And these numbers most likely do not even begin to capture the problem, according to the CDC, which estimates only one in every 10 cases gets reported, partly because people with hepatitis often have no symptoms.

A needle exchange program, designed to combat the spread of blood-borne diseases, began in early September of this year, taking used needles and distributing clean ones at the Lexington-Fayette County Health Department.

The goal, according to Lexington’s Health Commissioner Dr. Rice Leach, is to stop the spread of hepatitis B, hepatitis C, and HIV – all of which are transmitted by needles.

Dr. Leach will join Lexington Police Chief Mark Barnard, and Bluegrass.Org Director of Substance Abuse Services, Michele McCarthy, in a discussion of the public health, law enforcement, and treatment perspectives of the needle exchange program.

Thursday, November 5, 2015

Hilary J. Boone Center – UK’s Campus

7:15 Coffee and Networking

7:30 Breakfast and Program

Free to Members / Guest Fee $20

Please RSVP by noon on Tuesday November 2, 2015

Gentrification or Accommodation…How does Lexington get it right?

How do you solve an issue that appears to have no point of resolution in sight? You start talking and you keep talking until all the parties find a path that works for those involved. It was with that in mind that the Lexington Forum’s program committee decided to tackle the topic of Gentrification verses Accommodation. They asked the simple question “How does Lexington get it right?”

So, what is “gentrification?” It’s a loaded word. It’s a word always associated with cities on the rebound, and Lexington is no different. Generally, “gentrification” is a term for this: The arrival of wealthier people in an existing urban district, a related increase in rents and property values, and changes in the district’s character and culture. The term is often used negatively, suggesting the displacement of poor communities by rich outsiders.The effects of Gentrification are complex and contradictory, and its real impact varies. The intent of this morning’s program is to provide an opportunity to hear from folks who are living -day to day- with issues created by Gentrification. The perspectives of our four panelists will be about what is happening right now in these neighborhoods.

Discussion moderator, Tom Martin, opened the conversation with these words during the Forum’s October Meeting.  The Forum hosted four panelists to discuss various perspectives on the topic of Gentrification verses Accommodation. The four panelists were Tanya Torp, Christian Torp, Rock Daniels, and Van Meter Petit. Each panelist spoke briefly on the topic from their point of view and then, the floor opened for audience participation.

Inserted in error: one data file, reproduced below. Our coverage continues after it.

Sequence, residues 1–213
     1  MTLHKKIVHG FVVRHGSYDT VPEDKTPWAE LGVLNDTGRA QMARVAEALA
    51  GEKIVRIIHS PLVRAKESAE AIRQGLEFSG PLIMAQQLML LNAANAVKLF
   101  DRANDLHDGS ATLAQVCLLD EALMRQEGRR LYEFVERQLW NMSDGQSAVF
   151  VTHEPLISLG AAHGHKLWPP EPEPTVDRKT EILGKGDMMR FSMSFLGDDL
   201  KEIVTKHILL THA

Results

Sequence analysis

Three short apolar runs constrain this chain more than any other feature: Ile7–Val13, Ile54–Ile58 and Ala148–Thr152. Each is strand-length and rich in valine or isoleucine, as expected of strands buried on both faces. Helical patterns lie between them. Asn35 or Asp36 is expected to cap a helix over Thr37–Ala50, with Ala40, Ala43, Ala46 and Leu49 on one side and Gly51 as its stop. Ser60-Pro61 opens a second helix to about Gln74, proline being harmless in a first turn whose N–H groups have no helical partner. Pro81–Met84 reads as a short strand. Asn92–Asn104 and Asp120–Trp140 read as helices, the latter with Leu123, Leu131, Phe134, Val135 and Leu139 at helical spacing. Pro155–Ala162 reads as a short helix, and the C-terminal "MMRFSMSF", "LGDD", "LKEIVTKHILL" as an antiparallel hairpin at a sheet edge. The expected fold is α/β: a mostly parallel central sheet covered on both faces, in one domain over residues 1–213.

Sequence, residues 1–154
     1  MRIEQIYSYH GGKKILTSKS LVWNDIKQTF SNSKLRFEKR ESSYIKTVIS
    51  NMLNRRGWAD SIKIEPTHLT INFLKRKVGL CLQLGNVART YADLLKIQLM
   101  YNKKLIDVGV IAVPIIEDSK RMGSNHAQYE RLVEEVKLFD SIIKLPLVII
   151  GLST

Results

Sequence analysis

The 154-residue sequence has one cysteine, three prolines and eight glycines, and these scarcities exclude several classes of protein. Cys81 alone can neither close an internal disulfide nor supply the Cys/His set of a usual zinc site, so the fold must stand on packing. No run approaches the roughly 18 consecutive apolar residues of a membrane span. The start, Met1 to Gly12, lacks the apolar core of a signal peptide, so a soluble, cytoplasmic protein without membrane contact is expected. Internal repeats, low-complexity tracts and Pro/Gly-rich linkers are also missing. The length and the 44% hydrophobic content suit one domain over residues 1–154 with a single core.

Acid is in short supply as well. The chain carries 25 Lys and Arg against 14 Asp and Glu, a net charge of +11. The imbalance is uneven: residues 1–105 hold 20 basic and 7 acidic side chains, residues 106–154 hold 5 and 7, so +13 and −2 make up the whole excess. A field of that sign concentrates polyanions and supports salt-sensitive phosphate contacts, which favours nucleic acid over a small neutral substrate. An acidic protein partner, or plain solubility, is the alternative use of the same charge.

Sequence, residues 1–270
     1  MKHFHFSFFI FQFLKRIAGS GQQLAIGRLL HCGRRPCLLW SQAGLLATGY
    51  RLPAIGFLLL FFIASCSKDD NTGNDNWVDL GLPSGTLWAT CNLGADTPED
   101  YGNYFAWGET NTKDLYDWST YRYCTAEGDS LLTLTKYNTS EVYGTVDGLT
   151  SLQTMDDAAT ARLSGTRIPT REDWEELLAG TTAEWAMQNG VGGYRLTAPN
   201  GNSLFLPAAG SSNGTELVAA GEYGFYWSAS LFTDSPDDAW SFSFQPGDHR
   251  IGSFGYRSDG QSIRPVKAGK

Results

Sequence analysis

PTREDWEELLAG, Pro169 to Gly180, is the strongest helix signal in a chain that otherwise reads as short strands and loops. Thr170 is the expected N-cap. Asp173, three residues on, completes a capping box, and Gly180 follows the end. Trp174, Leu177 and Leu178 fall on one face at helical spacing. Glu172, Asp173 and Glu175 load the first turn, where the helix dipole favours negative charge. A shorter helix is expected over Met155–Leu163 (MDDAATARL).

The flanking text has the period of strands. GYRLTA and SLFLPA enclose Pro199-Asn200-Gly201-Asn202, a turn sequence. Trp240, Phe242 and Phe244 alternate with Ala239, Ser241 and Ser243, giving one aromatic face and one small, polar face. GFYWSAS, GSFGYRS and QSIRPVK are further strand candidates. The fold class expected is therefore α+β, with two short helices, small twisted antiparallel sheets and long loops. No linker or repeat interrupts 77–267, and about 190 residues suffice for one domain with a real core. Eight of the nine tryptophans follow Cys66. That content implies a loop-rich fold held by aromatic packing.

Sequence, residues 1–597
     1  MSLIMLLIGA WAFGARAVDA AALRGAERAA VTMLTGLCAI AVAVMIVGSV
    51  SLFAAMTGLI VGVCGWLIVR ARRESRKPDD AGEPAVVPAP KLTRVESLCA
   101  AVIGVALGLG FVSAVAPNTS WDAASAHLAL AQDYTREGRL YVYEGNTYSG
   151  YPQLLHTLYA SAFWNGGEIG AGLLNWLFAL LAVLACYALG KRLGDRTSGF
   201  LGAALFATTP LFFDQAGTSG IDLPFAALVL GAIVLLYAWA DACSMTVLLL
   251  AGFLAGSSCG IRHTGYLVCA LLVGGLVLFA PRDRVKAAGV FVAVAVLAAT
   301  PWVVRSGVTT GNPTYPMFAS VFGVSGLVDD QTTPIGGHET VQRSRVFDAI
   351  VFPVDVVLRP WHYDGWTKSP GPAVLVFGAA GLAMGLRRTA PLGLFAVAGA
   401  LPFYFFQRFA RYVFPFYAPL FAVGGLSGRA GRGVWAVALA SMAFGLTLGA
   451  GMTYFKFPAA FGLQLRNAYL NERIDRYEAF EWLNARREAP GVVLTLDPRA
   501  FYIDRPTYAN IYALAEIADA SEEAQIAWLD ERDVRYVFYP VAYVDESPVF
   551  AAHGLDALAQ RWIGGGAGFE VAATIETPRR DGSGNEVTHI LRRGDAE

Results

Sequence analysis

While it felt all too brief the discussion brought some great points and questions to light. Such as: How do we provide affordable housing and still enable developers to make the profit necessary to remain in business? Is it actually wrong to displace people or does it lead to healthier communities in the long run? What are the unintended consequences of well meaning people?  These questions and more are still left unanswered and we as a community ought to have a desire, if not a responsibility, to continue this conversation.

During the discussion several resources to assist residents of the areas being impacted were brought to light. They include the following:

Lexington Community Land Trust – local non profit
ReachKY –   local non profit that strives to educate and prepare potential homeowners and then assist them with the transition to ownership.
The Community Land Trust will host a national conference at the Hilton on October 19-22. To see the agenda and conference details please use the link below.
As always we are grateful to the moderator, panelists, and attendees that contributed to another great community conversation that mattered.

Gentrification vs Accommodation: How can Lexington get it right?

Change has come to some of Lexington’s oldest neighborhoods, particularly in the North and East End. Houses that have been occupied by local residents, either as property owners or long term renters, are being purchased, renovated and put back on the market at sale prices and rental rates that may not be affordable for local residents. How can renewal and improvement in these neighborhoods take place while addressing issues of affordability, race, class and neighborhood diversity? What must Lexington do to get this right?
Moderator Tom Martin will lead four panelists in a 10-15 minute discussion and then the floor will open for audience interactions. Our panelists for the the day will be: Rock Daniels, Van Meter Petit, Tanya Torp, and Christian Torp

Thursday, October 1, 2015
Hilary J. Boone Center – UK’s Campus
7:15 Coffee and Networking
7:30 Breakfast and Program

Free to Members / Guest Fee $20
Please RSVP by noon on Tuesday September 29, 2015

Register Now!